Wandering

By September 4, 2016Uncategorized
Wandering

Sara Brunclik, BCBA

Wandering, also referred to as elopement or bolting, is a common, dangerous and sometimes fatal behavior. In a recent study, it was suggested that wandering is more prevalent when a child has difficulty understanding danger awareness, strangers from familiar people, and tends to panic when encountering unfamiliar situations or changes in their routine. These deficits are very common in children diagnosed with autism and cause families tremendous stress. BCI wants to offer resources and tips to our families concerned with wandering.

First, due to some recent initiatives there is hope for improvement. On July 15th, 2016 the U.S. Senate passed S.2614, Kevin and Avonte’s Law, legislation that is intended to decrease the fatalities associated with wandering. This bill strives to utilize proven community alert systems for locating individuals who are more susceptible to wandering and support training for first responders and other community officials.
4ae609ef-a414-464f-b95a-f3c5819b72e2[1]In addition, Autism Speaks awarded a $98,000 grant to Project Lifesaver International. Project Lifesaver utilizes a small wearable locating device that a child could wear around their ankle or as a bracelet. Project Lifesaver not only shortens rescue times, from hours and days to minutes, but also has a 100% success rate! If you are interested, find a project lifesaver near you by clicking here.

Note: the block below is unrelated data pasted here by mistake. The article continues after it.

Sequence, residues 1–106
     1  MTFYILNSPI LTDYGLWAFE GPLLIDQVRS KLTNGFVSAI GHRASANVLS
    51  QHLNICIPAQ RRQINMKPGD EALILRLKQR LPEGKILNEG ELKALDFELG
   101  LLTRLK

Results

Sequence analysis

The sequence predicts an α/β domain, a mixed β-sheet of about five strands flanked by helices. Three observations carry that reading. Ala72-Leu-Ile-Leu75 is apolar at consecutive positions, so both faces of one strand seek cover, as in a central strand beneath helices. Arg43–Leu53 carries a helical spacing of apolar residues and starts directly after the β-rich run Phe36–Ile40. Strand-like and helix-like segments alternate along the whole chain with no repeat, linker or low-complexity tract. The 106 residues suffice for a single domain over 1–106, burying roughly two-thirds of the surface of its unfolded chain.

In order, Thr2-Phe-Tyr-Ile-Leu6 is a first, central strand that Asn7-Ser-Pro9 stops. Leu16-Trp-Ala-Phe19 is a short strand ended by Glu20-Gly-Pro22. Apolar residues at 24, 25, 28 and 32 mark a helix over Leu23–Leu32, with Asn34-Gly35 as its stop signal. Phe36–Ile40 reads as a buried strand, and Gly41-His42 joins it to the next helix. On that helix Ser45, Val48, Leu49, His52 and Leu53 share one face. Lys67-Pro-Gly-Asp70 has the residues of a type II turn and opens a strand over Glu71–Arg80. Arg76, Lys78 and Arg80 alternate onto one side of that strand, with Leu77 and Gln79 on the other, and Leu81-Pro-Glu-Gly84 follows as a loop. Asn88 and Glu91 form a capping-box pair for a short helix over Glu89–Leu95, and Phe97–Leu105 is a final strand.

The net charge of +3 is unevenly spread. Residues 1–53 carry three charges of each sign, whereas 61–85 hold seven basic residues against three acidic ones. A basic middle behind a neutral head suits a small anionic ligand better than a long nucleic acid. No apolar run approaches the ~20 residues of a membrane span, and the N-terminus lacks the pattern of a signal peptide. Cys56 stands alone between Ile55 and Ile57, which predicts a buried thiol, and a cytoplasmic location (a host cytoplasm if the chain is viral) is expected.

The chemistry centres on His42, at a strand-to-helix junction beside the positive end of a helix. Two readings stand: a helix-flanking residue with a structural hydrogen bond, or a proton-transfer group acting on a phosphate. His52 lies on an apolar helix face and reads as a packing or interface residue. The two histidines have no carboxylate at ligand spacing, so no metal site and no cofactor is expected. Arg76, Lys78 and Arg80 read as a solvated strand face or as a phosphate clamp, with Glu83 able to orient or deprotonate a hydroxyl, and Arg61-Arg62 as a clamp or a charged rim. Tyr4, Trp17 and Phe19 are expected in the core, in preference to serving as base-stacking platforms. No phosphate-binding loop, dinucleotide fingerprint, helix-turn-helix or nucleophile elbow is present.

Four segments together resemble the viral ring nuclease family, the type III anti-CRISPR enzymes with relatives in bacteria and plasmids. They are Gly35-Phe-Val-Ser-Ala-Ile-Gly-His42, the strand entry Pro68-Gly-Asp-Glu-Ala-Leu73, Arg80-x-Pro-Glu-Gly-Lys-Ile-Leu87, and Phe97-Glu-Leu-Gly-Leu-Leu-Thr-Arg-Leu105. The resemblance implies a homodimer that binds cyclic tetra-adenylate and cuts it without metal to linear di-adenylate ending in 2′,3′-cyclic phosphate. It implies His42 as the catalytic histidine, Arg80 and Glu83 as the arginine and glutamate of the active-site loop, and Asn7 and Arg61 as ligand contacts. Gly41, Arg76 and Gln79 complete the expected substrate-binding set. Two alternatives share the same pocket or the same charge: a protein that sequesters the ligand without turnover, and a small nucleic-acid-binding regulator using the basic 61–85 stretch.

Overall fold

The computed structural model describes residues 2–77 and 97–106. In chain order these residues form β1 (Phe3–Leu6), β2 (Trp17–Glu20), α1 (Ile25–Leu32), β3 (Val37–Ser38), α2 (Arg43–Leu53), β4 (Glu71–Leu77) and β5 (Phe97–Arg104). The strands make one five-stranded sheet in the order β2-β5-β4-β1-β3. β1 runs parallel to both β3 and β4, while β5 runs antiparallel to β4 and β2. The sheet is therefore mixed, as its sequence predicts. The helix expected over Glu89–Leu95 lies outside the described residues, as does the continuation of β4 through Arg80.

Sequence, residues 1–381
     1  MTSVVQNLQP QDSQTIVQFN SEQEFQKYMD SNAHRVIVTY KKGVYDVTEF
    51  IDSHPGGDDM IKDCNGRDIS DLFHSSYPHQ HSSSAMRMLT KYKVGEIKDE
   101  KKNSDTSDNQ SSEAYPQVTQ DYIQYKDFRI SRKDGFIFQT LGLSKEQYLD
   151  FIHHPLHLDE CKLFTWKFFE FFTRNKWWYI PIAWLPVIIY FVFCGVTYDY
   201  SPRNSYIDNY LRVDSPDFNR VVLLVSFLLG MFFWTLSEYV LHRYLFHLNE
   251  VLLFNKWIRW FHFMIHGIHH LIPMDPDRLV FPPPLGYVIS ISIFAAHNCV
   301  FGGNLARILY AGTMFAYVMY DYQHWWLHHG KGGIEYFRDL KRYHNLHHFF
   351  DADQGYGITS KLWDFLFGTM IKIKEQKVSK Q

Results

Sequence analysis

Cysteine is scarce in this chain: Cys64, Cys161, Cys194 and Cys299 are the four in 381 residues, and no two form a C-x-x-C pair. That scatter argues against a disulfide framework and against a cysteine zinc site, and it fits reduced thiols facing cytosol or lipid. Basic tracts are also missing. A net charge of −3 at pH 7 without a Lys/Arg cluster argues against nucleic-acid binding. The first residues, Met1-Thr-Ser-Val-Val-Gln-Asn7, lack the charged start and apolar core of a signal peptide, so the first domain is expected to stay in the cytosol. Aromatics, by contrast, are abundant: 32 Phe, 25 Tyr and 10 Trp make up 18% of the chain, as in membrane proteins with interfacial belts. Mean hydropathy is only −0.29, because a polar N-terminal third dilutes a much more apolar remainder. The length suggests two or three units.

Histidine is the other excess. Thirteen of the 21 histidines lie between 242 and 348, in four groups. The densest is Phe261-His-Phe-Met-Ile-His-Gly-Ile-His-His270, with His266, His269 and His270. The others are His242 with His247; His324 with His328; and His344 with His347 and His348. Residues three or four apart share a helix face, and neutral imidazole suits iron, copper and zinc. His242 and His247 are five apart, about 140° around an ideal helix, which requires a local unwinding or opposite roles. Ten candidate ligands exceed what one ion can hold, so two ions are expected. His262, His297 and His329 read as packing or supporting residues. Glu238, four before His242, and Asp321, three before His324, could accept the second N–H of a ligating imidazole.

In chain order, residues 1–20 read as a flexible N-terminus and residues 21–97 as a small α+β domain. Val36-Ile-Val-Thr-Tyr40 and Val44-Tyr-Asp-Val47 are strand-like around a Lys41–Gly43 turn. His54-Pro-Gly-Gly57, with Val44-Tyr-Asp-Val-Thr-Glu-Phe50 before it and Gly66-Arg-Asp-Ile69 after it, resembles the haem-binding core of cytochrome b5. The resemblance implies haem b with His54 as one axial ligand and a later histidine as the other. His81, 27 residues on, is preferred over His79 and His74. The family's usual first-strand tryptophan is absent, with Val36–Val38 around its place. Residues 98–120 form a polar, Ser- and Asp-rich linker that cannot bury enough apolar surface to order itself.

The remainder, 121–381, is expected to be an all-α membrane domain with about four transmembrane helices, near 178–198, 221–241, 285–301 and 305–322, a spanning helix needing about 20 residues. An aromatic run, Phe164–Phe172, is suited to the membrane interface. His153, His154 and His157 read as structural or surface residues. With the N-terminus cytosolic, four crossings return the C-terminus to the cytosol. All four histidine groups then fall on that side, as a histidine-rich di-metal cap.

Tips to help prevent wandering

Adapted from the Autism Speaks Safety and Wandering Prevention Checklist

From ANY location:

  1. There is a higher probability of wandering during the holidays, camping trips, transition periods, outdoor gatherings, and following a recent move or new school. Additional tools and information can be downloaded for FREE from
    NAA’s Big Red Safety Box. Consider a tracking device, such as Project Lifesaver, or other identification tools.
  2. Prior to outings read through social stories with your child describing all the rules and parameters.

From school:

  1. WanderingGetting your child familiar with school staff early on in the school year is critical to a successful, wandering-free, transition. During a meet and greet with your school, let your child’s teacher know what they enjoy, what could entice them to stay with the group, and what activities may lead to wandering. Also to ensure your child’s safety concerns are a part of their IEP, provide all the necessary information with the School Wandering Alert Letter .
  2. From home: Secure your home with professional security products found at BCI’s new Amazon store. These safety products will alert you when a door has been opened, such as the GE Deluxe Wireless Door Alarm, or guard windows, such as this Mesh Window Guard by Kidco. Unfortunately, most children with autism are very skilled at disarming safety products. That’s why it is so important to also teach safety behaviors and identify why your child elopes. Behaviors such as following instructions (e.g., come here or stop), engaging in independent play (e.g., completing busy tasks), and responding to “stop” and “go” signs around your home can make a big difference. Remember to discuss safety concerns with your BCI clinician prior to starting any new interventions.

Wandering
Stop & Go sings to print, cut, and adhere to your doors and windows